Several Indian start-ups, such as Flux Auto, Fisheyebox, Hi Tech Robotic Systemz and ATImotors have been working on developing and commercializing driverless vehicles, with global autonomous vehicles leaders, such as Tesla and Waymo also showing a keen interest in India. However, several challenges remain in the implementation of this technology in India. These include legislation, government support, lack of infrastructure and technology and a fundamental absence of civic sense.
Enhanced Consumer Experience through Digitalization
Even before the COVID-19 pandemic hit India towards the beginning of 2020, the number of online transactions taking place was at an all-time high, which got a further boost in the post pandemic period. Consumers increasingly shifted to searching for and booking vehicles online and the dealers were also positive in prompt enquiry responses and time-bound delivery schedules.
Digitalization in the auto industry has gained wide acceptance due to an approach based on consumer satisfaction, thereby increasing the use of social media platforms and advanced technologies, such as augmented reality (AR) and virtual reality (VR) that provide additional value. The digital aspect has also become a crucial part of offering after-sales services, such as maintenance and insurance to allow easier processes and problem-free vehicle management.
Telematics to the Fore in Fleet Monitoring and Maintenance
Telematics is a monitoring process that involves the use of GPS technology and on-board diagnostics (OBDs) for mapping an asset’s movement. With businesses on the constant look out for opportunities to improve mobility of their products, telematics and the data provided by this technology enables in optimizing company fleets. In India, it is anticipated that the connected trucks telematics market would maintain a high y-o-y growth rate from 2021 to over the coming medium term.
Commercial fleets include transport & logistics, oil & gas, construction, utilities, service & maintenance and retail & delivery, of which maximum growth is expected from transport & logistics and oil & gas. Furthermore, the mushrooming of e-commerce platforms across the country signify consistent and good growth for in-vehicle telematics in the retail & delivery sector, since home delivery of products and groceries has now become the norm rather than the exception.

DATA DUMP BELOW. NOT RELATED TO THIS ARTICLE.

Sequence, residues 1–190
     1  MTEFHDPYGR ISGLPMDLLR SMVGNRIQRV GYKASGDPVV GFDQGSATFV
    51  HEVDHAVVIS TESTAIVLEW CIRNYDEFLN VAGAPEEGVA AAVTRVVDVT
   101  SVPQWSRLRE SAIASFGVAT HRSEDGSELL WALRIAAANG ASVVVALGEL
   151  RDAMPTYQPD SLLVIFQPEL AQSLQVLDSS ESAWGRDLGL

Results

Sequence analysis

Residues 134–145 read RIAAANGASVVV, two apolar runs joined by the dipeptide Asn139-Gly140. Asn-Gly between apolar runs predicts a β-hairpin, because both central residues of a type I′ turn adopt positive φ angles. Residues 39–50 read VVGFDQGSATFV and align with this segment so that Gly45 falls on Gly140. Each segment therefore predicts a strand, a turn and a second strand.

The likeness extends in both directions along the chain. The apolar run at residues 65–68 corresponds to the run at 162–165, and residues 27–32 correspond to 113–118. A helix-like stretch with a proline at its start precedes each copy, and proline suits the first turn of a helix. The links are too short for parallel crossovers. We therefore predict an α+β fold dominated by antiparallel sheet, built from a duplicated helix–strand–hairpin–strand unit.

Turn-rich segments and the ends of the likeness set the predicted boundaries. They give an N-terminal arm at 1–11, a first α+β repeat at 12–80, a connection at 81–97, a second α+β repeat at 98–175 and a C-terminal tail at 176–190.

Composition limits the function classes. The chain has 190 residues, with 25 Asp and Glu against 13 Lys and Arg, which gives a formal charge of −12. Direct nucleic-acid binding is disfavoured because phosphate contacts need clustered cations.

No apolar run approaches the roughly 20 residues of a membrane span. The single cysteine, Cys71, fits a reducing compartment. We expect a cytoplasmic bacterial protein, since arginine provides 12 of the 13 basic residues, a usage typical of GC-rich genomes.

Used Vehicle Demand on the Rise
Whereas the demand for new cars had not been quite upbeat during 2016-2020 in India, the market for used/second-hand cars had a steady progression of about 6.2% during the similar period. To this end, millennials have contributed to an increase in the use of used cars, along with a change in the mindset of consumers that a car (typically a used one) has to be changed within 3-5 years.
Additional factors to have influenced decision making include transitioning from BS-IV to BS-VI, the different GST rates specified on the purchase of a new car against a used car and the growing preference for personal, rather than public transport.
Car Leasing and Other Options Demand Further Attention
Car leasing, subscription, data monetization and shared mobility are some of the concepts in the auto industry being touted as the next mobility solutions and profit-making options. For this, shared mobility’s contribution to an increase in vehicle use and a widespread proliferation and ownership of private vehicles in North America and Europe are key factors. Over the coming years, it is anticipated that car leasing, in-vehicle connectivity, subscriptions and maintenance packages for extended periods would play a decisive role in purchase decisions.